Michigan football mailbag: James Hudson III’s move to OL, how Michigan elects captains, the best game at the Big House
Have Michigan football questions? We’ve got answers. Join us every Thursday for the Land of 10 Michigan mailbag to talk all things Wolverines. This week, we’ll discuss the move of James Hudson III from defensive line to offensive line, Michigan’s process of electing captains and which home game is Michigan’s best this season.
What’s the reason James Hudson was moved to offensive tackle when he was a stud defensive tackle/defensive end?
What the reason Hudson moved to OT when he was a stud DT/DE ?
— BankRollQuis🎱🔋💰〽️ (@Quis_The_Boss) August 23, 2017
With the release of the roster on Wednesday, Michigan confirmed Hudson, a defensive lineman from Central Catholic High School in Toledo, Ohio, has moved to the offensive line.
Moving Hudson follows a philosophy that has actually guided the defensive line: building and cultivating depth. Given Michigan lost three of its starters on the offensive line to graduation or the NFL (Kyle Kalis, Erik Magnuson and Ben Braden), this is something the offensive line should do, as well.
“James is big, athletic guy who can move very well.” Michigan offensive coordinator Tim Drevno said. “Very powerful, very heavy-handed, and it just felt like with his measurables and his athletic ability, he could add something to our depth chart on the offensive line.”
This may also be an opportunity for Hudson to increase his versatility. Michigan has moved linemen to the opposite side of the ball before. Think of sophomore Michael Onwenu, who came to Michigan as an offensive lineman, worked out on the offensive and defensive lines in 2016, and is expected to start on the offensive line this season. Hudson has similar attributes to Onwenu — big body, quick feet, strength and a physical presence.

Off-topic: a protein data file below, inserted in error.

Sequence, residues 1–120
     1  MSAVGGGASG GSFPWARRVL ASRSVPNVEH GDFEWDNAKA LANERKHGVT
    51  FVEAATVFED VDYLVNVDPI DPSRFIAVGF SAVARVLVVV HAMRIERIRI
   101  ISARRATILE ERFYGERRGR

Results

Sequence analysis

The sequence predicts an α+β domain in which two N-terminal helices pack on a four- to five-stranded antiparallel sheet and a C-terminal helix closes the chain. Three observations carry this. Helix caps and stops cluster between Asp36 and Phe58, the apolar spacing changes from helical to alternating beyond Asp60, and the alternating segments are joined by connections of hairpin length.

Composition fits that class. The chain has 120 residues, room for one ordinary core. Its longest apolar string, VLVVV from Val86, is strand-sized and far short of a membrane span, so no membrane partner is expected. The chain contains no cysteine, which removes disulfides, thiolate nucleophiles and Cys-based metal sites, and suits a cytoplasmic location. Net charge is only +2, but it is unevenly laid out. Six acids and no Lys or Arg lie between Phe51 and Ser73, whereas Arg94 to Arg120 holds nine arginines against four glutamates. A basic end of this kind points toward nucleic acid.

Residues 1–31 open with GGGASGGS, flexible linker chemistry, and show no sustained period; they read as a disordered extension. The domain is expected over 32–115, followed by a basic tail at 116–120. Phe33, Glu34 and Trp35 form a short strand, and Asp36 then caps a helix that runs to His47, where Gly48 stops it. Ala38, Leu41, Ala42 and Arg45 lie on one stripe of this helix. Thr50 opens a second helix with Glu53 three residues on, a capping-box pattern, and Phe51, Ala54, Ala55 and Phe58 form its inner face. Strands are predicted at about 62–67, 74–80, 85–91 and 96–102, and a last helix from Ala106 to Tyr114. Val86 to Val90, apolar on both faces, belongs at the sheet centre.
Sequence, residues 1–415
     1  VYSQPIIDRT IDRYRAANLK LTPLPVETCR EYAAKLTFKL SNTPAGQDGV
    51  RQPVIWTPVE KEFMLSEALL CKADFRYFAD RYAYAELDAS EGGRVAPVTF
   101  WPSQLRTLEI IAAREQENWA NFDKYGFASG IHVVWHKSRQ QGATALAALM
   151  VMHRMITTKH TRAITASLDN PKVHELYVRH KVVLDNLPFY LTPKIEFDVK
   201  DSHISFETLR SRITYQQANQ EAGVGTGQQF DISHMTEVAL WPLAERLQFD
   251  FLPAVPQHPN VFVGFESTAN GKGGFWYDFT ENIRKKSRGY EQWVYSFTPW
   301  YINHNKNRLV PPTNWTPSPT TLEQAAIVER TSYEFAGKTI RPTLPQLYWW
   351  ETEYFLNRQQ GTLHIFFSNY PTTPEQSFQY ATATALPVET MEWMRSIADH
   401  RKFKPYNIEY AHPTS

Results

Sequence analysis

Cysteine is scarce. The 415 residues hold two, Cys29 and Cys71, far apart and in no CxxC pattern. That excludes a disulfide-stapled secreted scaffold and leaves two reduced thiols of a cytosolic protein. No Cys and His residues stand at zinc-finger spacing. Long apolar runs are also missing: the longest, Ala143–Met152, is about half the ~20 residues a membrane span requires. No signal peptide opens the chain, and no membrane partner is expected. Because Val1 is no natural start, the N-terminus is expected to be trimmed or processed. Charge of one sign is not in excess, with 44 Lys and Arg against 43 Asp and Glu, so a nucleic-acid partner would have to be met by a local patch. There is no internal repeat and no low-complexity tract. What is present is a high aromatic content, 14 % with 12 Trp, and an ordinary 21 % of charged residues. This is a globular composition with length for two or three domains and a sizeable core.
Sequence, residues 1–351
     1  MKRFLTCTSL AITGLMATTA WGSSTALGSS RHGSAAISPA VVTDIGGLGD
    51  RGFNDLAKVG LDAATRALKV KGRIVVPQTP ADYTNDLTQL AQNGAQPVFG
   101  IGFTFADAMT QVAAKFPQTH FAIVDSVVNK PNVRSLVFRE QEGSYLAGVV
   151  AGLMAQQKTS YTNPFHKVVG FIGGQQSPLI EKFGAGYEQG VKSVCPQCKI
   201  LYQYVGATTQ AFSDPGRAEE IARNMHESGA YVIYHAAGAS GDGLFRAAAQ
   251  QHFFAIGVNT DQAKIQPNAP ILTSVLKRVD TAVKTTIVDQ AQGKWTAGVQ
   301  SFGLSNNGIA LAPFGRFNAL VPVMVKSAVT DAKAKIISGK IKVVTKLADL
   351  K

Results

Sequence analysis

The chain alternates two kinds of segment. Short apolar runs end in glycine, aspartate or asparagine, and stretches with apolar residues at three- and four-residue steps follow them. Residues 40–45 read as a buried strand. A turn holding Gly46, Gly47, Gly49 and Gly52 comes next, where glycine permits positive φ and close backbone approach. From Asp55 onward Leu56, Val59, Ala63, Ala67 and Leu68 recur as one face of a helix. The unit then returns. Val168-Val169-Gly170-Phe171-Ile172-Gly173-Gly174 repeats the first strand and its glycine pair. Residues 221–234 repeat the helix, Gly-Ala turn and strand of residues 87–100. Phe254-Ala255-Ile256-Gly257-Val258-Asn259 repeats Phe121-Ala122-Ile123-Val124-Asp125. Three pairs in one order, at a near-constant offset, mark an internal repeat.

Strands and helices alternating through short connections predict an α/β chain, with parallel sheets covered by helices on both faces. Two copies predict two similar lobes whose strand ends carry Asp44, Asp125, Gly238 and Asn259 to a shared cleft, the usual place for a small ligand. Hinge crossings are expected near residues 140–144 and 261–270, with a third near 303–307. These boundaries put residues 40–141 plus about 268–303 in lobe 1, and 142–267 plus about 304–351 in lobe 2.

Do collegiate players stay inside of the locker room for the national anthem?
We answered Brian Yonkoski’s question during last week’s Facebook Live, but it’s worth revisiting again.
College football players stand on the sidelines during the Star Spangled Banner, but only at certain stadiums. From The Associated Press in 2016:
In the Big Ten, eight of the 14 schools have the teams on the field for the anthem. All Big 12, Pac-12 and Southeastern Conference teams are in their locker rooms during the anthem before home games. Boston College and Pittsburgh are the only Atlantic Coast Conference teams that are on the field for the anthem at home games.
Brian added this when he asked the question: “I’d hate for there to be any distractions on the sideline. I know (Jabrill) Peppers knelt this week for the Browns.”
This has become one of the polarizing topics in sports, especially in football, where sideline demonstrations by players to bring awareness to racial and political injustices.
“Couple guys got together, spoke, we all spoke, voiced the way we want go about it,” Peppers told reporters last week in Cleveland. “Ultimately, we thought coming together and praying for our nation was the best outcome that we could have gotten for everyone to come together and express how we feel.”
Last year, several of Michigan’s players, including cornerback Jourdan Lewis, held their fists aloft during the national anthem as a show of solidarity — Lewis said he and his teammates did it to bring awareness to racial injustice.
This will cause a few rankles among our readership, but the Constitution grants us the right to free speech. It also grants us the right to respectfully disagree.
The excellent defensive line we have will help with the defensive backs getting comfortable. What are your thoughts?
Joseph Edward Handy asked this via Facebook.
The defensive line is the first line of defense. The defensive backs, particularly the safeties, are the last line of defense.
These two units, ultimately, go hand-in-hand. We can’t forget about the linebackers, either — defensive end Chase Winovich, who came to Michigan as a linebacker, emphasized it’s a mutual relationship for all three defensive units. If the defensive line is doing its job, that takes the pressure off the linebackers, and it takes the pressure off the secondary.
Part of Michigan’s success in the secondary last season was owed to the defensive line’s and linebackers’ pass-rushing abilities. Michigan’s players in the secondary credited that as a reason the defensive backfield was so successful, allowing a national-best average of 142.5 passing yards a game.